COCONO, a coconut yogurt brand, was introduced in The Japan Times.

COCONO, a coconut yogurt brand, was introduced in The Japan Times.

COCONO was introduced in The Japan Times, the most widely read English-language newspaper in Japan.
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The following is a quote from The Japan Times article


Justin Mackee is neither vegan nor vegetarian.

He takes care to emphasize this otherwise unremarkable fact. It’s an obvious assumption to make about someone who has just crowdfunded Cocono, a plant-based, small-batch coconut yogurt venture. But his reasons for starting the company weren’t complicated.

“It blew my mind,” says Mackee of the first time he tried coconut yogurt during a 2018 trip to Australia. “It was a very instant feeling of, ‘I wish I could have this in Japan. Why can’t we have this in Japan?’”

A yogurt business may seem like an unlikely match for a 41-year-old risk management consultant, but this isn’t Mackee’s first foray into food. For one, he’d spent his early 20s running a Japanese catering business in London with a former partner.

“It was the hardest I’ve ever worked, with the most insane hours,” says Mackee. “But I felt very motivated having that positive response from people enjoying food. With risk management, you’re not creating much joy or positivity.”

Before Cocono, Mackee worked to raise money for charity through Let Tokyo Eat Cake, a bakery and delivery service he started in 2020.

Valued at $33.3 million in 2019, Japan’s market for plant-based alternative foods has seen steady growth in the last decade, with plant-based yogurts representing 21% of this market. The overwhelming majority of these products are soy milk yogurts, with a few almond and rice offerings. Coconut yogurt remains an exceptionally niche product — besides Cocono, the Fruta Fruta brand is the only supplier in the market, selling exclusively in Aeon and Aeon-style supermarkets.

Manufactured in Yamanashi Prefecture, available online and shipped directly to consumers, Cocono’s yogurt contains four ingredients: unsweetened coconut milk, kanten (agar), live vegan cultures and konjak flour. This is a far cry from Mackee’s original vision. Back in 2018, the plan had been to test the market with imported yogurt from Australia, but yogurt can’t be shipped by sea because it contains live probiotics. It would have had to be flown in, meaning high financial and environmental costs.

“This was around the time (environmental activist) Greta Thunberg started protesting,” he explains. “When I realized I was thinking about a business that would involve flying yogurt around the world, it just didn’t feel right.”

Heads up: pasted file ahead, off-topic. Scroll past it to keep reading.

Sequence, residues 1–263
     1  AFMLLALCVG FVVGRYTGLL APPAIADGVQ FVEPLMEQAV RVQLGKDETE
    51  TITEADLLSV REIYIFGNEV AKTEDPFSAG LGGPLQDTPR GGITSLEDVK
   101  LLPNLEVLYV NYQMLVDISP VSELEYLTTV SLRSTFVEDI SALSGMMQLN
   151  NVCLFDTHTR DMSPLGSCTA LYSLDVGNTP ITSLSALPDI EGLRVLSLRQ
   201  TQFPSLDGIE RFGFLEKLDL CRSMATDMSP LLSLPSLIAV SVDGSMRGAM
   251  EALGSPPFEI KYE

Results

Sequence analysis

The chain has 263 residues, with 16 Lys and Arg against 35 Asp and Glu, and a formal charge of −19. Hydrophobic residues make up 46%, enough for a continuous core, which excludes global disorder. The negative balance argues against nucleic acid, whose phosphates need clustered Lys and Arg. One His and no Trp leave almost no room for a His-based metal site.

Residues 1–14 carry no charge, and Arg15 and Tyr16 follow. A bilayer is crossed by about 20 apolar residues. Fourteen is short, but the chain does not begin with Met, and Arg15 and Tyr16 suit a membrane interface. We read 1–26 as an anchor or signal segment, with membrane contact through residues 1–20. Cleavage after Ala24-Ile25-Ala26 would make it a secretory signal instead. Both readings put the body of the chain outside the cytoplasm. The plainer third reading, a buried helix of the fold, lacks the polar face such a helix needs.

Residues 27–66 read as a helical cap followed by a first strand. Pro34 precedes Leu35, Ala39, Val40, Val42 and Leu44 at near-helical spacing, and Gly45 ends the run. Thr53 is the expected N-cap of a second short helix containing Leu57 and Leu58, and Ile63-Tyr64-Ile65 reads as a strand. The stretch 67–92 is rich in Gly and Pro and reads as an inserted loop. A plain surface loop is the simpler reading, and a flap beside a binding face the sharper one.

But the idea never left Mackee. Let Tokyo Eat Cake had reminded him of the joy food can bring to people’s lives and reignited the spark of that initial idea. Toward the end of 2020, Mackee began experimenting with homemade recipes for coconut yogurt.

Within six months, he’d nailed something that met his ideals — a rich, creamy and tangy product with a distinct coconut finish and none of the heaviness of dairy yogurt. More importantly, the flavor could hold its own against regular dairy yogurt. What had initially begun as a fun fermentation challenge slowly became a business plan.

Finding the right production partner to work with wasn’t easy, but compounding the difficulties was Mackee’s insistence on a plastic-free product. At present, the yogurt comes in glass jars and is delivered to consumers in specially-designed, recyclable cardboard packaging. This means that Cocono’s yogurt is almost double the price of Fruta Fruta’s product on a gram-for-gram basis.

Nevertheless, there are virtually zero options for yogurt consumers who want to avoid single-use plastics or foil packaging. Even with the price premium, going plastic-free is worth it to Mackee, and he believes more and more consumers will feel the same way.

“It’s up to brands and businesses to offer the right kind of options,” he says. “That’s the best way to have a bigger impact on consumer behavior.”

It’s still early days but there’s clearly a demand for this kind of product. For one, Mackee was able to crowdfund nearly ¥3 million to jumpstart the company. Sales have also been steady: Thus far, they’ve had two production runs of 1,200 jars that have sold out each time, with hundreds of first-time buyers across Japan encountering the yogurt through Instagram ads.

Mackee has also continued his charitable efforts with Cocono. From each production run, he donates 70 to 100 jars to organizations like local kodomo no shokudō (children’s cafeterias) that support financially-disadvantaged families.

Cocono is a one-man operation for the most part with a few part-timers working on marketing and administration. While Mackee is looking into securing potential investments and hiring more employees on a full-time basis, like all things in life, it’s a question of finding the right people.

Beyond yogurt, Mackee has many ideas he’s itching to bring to life under the Cocono banner, like a coconut milk-based kefir drink, a coconut yogurt fermentation kit and health food bars that actually taste good.

“(The goal is) making genuinely delicious plant-based products,” Mackee says. “The ultimate test for that (is whether) people who are not vegan or vegetarian want to eat it.”

But first, he’s going to focus on the coconut yogurt.

“I’m confident that as long as I can get people to try it, they’ll like it.”